Amaro (Italian for "bitter") is an Italian herballiqueur that is commonly drunk as an after-dinner digestif. It usually has a bitter-sweet flavor, sometimes syrupy, and has an alcohol content between 16% and 40%.
Similar liqueurs have traditionally been produced throughout Europe. There are local varieties in Germany (where they are called Kräuterlikör) and in Hungary, the Netherlands, and France. But the term amaro is applied only to Italian products of this kind.
Amaro is typically produced by macerating herbs, roots, flowers, bark, and/or citrus peels in alcohol, either neutral spirits or wine, mixing the filtrate with sugar syrup, and allowing the mixture to age in casks or bottles.
Dozens of varieties are commercially produced, the most commonly available of which are Averna, Ramazzotti, Lucano, and Montenegro.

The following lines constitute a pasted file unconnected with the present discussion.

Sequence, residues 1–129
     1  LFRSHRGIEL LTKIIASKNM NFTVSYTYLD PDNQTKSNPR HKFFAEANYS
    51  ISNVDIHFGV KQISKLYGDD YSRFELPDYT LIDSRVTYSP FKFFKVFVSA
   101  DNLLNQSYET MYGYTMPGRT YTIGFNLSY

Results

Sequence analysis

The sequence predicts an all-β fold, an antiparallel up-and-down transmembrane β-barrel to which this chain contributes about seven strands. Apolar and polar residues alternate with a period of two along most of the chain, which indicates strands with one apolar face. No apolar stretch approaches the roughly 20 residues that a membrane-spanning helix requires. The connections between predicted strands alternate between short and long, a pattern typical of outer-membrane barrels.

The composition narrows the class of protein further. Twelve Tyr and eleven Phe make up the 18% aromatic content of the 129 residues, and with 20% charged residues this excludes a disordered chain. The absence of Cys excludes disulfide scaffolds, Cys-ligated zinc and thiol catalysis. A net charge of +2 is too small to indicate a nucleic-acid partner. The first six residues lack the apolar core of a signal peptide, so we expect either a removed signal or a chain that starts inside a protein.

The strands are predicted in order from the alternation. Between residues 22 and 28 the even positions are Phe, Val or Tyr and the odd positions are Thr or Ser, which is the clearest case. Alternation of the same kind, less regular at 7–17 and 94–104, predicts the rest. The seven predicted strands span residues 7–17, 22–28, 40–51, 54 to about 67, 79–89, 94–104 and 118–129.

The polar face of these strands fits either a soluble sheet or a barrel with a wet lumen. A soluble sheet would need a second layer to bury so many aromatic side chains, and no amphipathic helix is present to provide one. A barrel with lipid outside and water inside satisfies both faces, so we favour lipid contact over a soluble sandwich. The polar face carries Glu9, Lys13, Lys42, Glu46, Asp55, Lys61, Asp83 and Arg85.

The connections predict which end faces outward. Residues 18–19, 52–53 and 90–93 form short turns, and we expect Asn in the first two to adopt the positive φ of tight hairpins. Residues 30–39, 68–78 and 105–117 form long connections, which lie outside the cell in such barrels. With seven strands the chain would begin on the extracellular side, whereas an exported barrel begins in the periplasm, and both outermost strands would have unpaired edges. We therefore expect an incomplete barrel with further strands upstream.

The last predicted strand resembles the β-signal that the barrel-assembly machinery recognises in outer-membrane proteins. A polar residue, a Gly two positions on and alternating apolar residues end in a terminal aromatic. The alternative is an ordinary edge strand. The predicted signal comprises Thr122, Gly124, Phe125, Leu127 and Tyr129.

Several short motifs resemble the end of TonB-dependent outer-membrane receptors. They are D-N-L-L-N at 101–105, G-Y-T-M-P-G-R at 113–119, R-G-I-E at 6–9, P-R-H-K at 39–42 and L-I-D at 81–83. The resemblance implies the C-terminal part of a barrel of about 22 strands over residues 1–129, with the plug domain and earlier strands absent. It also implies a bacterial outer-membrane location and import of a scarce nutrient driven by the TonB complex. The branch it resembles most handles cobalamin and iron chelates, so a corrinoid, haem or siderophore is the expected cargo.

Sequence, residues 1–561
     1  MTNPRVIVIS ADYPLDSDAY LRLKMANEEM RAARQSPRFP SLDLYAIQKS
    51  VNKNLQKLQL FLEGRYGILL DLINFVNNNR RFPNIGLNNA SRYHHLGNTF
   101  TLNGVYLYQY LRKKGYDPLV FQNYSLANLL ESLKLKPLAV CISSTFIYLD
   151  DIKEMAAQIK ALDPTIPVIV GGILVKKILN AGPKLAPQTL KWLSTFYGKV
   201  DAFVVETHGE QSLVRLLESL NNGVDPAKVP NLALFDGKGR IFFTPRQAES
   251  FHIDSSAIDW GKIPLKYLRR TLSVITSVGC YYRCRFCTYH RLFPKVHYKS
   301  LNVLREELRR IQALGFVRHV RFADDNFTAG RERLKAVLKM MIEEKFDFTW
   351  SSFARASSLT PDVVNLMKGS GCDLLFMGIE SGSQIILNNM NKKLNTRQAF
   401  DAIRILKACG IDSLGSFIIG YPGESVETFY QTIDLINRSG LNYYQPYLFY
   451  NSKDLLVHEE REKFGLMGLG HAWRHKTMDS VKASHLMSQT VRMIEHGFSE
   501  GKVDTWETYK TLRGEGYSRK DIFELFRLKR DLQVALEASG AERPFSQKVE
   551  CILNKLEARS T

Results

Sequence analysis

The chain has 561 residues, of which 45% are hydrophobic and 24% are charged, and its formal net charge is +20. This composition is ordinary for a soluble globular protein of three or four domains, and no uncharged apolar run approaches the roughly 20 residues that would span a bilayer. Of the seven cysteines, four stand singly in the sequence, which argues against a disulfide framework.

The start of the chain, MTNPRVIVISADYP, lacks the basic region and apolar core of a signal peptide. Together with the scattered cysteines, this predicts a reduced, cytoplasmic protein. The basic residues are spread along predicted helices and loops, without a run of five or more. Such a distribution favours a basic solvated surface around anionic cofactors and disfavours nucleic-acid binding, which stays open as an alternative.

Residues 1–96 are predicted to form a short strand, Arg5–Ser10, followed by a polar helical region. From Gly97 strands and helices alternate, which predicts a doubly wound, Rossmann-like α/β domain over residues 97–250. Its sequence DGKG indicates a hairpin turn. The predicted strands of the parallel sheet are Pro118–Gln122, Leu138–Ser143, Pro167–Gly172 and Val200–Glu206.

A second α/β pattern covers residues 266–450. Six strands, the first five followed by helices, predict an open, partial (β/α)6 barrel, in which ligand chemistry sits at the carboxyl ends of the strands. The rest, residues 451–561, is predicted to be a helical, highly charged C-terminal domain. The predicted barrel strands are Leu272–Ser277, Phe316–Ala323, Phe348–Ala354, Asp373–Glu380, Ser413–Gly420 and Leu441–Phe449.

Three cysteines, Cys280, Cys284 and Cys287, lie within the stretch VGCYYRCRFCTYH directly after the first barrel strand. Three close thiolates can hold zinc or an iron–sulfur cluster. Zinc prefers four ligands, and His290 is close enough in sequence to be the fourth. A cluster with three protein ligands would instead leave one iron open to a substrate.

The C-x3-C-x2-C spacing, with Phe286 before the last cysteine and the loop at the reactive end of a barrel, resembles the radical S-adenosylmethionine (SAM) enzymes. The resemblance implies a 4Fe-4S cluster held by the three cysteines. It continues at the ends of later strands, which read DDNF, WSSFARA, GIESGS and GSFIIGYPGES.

Many commercial bottlers trace their recipe or production to the 19th century. Recipes often originated in monasteries or pharmacies.
Amaro is typically drunk neat, sometimes with a citrus wedge. It may also be drunk on ice or with tonic water.
Amaro should not be confused with amaretto, another Italian liqueur that is sweet and flavored with almonds or with the pits of drupe fruits such as apricots. Nor should it be confused with amarone, a rich Italian dry red wine from Valpolicella.